Aborigines have been hunting echidnas since they arrived in Australia about 50,000 years ago. They have, however, had little impact on the overall survival of the echidna population. Since the arrival of European settlers in 1778, humans have had a larger impact on the echidna population as a result of land clearing and forest felling. The echidnas, however, are versatile and adaptable animals and don't seem to have been seriously affected by these activities either.

Australian bushfires are the most significant single threat to an echidna. The echidna is too slow to run away. So instead of fleeing it stays put and adapts a rather bizarre survival tactic.

How Echidnas Survive Bushfires Echidna's Unique Bushfire Survival Tactics

Photo: Echidna burying itself against a bushfire

Photo: Echidna walking in bushfire ravaged land

Australian bushfires are terrifying events. Raging fires with flames as high as four-story building tear through tinder-dry vegetation at breakneck speeds, incinerating almost everything in its path and leaving a charred desolate landscape behind.

Many people have noticed that after a bushfire, the only animals that seem unaffected by the catastrophe are echidnas. They have been seen frequently roaming about the burnt-out landscape seemingly untouched. So how do they do it? What survival tricks do they use?

Echidna Conservation Status Is the echidna Endangered?

The echidna is quite common and not considered threatened. It is protected by Australian law.

How Did the Echidna Get its Name? The Echidna is Named After a Greek Goddess

The name Echidna is derived from the Greek name Ekhidna. Because the echidna appeared to be half reptile and half mammal, in 1802 the British anatomist Everard Home named this unusual animal after the Greek goddess Ekhidna (meaning "she viper") who was half-snake and half-woman.

Echidna and the Mutiny on the Bounty How are They Related?

Photo: HMS Bounty

The first European to describe the echidna was, in fact, none other than William Bligh, the captain of the sailing ship the HMS Bounty of Mutiny on the Bounty fame. The Bounty was on its way to Tahiti in 1792 when it stopped at Adventure Bay in Tasmania. There Bligh reported that the animal had a bill like a duck and a thick brown coat of hair with quills. A member of the crew shot an echidna and later roasted it, reporting that it had a "delicious flavour".

25 Echidna Facts

  1. The echidna is an egg-laying mammal. This is very unusual because mammals usually don't lay eggs.
  2. The name Echidna is pronounced ih-KID-na.
  3. Its scientific name is Tachyglossus aculeatus, meaning quick tongue + equipped with spines. It is also referred to as a Spiny Anteater.
  4. The echidna is an example of what early mammals may have been like–egg-layers.
  5. They have roundish bodies covered with sharp beige and black spines.
  6. However, unlike a porcupine whose quills detach and embed themselves in their attacker, an echidna's spines do not detach.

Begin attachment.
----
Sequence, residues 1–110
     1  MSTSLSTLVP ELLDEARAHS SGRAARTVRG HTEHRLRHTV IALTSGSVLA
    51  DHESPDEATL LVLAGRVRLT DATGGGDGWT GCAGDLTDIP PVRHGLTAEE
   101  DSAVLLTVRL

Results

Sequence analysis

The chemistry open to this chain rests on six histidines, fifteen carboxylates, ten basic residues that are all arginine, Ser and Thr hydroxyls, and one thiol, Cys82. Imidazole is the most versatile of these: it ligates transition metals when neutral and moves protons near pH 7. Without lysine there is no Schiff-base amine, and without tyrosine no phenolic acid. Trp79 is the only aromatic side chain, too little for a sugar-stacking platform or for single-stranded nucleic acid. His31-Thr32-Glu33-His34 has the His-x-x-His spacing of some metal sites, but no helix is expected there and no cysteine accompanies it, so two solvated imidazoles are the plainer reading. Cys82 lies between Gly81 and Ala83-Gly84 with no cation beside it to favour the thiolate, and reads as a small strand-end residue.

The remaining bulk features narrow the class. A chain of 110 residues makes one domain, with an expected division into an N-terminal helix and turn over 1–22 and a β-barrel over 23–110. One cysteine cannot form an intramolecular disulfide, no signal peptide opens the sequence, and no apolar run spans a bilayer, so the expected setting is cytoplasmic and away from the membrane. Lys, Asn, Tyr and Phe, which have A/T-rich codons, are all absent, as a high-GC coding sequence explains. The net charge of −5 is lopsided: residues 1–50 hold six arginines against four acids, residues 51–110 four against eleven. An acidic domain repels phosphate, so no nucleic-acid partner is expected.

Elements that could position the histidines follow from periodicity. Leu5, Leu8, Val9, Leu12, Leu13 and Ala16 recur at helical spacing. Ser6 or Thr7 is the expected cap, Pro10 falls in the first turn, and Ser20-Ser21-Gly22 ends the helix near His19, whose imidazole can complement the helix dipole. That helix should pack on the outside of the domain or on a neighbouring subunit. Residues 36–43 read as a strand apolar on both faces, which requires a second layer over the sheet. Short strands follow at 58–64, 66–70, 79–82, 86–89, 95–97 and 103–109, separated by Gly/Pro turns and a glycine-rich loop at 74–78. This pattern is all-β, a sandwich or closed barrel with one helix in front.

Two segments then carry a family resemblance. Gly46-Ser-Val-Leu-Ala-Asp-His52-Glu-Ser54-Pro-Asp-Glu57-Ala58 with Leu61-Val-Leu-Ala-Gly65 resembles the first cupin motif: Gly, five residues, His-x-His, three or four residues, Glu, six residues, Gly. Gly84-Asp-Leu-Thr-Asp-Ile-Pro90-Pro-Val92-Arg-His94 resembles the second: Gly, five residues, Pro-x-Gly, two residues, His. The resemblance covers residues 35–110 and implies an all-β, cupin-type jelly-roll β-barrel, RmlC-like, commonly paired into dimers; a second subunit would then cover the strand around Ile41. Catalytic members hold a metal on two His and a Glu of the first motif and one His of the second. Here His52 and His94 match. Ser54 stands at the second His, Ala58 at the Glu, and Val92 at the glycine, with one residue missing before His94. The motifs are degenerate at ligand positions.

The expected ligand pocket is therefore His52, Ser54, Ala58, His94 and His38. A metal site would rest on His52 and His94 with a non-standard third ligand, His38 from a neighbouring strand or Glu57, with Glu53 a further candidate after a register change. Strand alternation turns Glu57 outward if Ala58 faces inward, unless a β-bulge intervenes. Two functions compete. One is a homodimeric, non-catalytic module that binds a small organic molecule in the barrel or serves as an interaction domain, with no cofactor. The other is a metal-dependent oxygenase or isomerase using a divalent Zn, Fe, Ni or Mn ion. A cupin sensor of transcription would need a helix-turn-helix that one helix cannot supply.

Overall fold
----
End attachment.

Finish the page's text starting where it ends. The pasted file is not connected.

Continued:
7. They are somewhat similar in appearance to hedgehogs.
  8. There are only two species of echidna: the short-beaked echidna and the long-beaked echidna.
  9. Males and females are similar in appearance.
  10. But the female is about 25% larger.
  11. The echidna has very poor eyesight.
  12. But it makes up for this with an excellent sense of hearing and smell.
  13. The echidna has no external ears but has funnel-like slits on either side of its head.
  14. It has a slender, elongated rubbery snout called a beak.
  15. From which it sticks out a long sticky tongue to catch its prey.
  16. Its tongue can flick in and out up 100 times a minute.
  17. The echidna's diet consists of termites and ants.
  18. The echidna has no stomach. Its gullet connects directly to its intestine.
  19. Echidnas have a body temperature of 5-8°C lower than other mammals.
  20. It has only one rear opening called a cloaca. Other mammals have two.
  21. Echidnas have a small neocortex, the most recent part of the brain to evolve.
  22. The female echidna lays a small, leathery egg and places it in her pouch where the egg hatches.
  23. She has no nipples or teats like other mammals. Instead, it oozes milk through its skin and the baby laps it up
  24. An echidna baby is called a puggle.
  25. The lifespan of an echidna is 15-40 years.

An Excerpt from the Original TrishansOz Page

(Excerpt from the original TrishansOz page written in 1997 when Trishan was 11 years old.)

An echidna is about 50 cm long, and it is dome-shaped. It has short sharp spikes covering its body (like a porcupine). It has a short pointy snout and a sticky tongue with which it catches ants and termites. It has no teeth. The echidna has very sharp claws too and can burrow underground very quickly. An echidna has short stubby feet and waddles when it walks.

When it gets frightened, it raises its spikes to defend itself and tries to dig itself into the ground.

Echidnas adapt their activity according to the climate they are in. In hotter climates, they are nocturnal, coming out only during the cooler hours of the night. In cooler climates, they more diurnal, coming out during the day to forage for food.

You can see how the echidna is trying to hide in the photograph.

My dog Sage once tried to catch an Echidna and hurt his tongue.